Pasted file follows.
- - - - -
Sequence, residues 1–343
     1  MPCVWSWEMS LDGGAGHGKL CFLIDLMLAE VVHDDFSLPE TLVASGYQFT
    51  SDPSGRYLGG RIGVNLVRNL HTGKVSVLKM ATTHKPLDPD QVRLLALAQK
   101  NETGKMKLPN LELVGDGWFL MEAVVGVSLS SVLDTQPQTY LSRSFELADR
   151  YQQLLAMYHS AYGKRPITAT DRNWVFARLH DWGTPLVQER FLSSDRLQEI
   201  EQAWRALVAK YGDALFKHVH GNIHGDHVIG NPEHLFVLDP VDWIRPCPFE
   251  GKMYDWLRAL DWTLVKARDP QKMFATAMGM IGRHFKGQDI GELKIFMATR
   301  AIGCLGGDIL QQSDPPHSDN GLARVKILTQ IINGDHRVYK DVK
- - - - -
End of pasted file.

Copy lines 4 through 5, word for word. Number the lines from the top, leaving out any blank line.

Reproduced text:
   101  NETGKMKLPN LELVGDGWFL MEAVVGVSLS SVLDTQPQTY LSRSFELADR
   151  YQQLLAMYHS AYGKRPITAT DRNWVFARLH DWGTPLVQER FLSSDRLQEI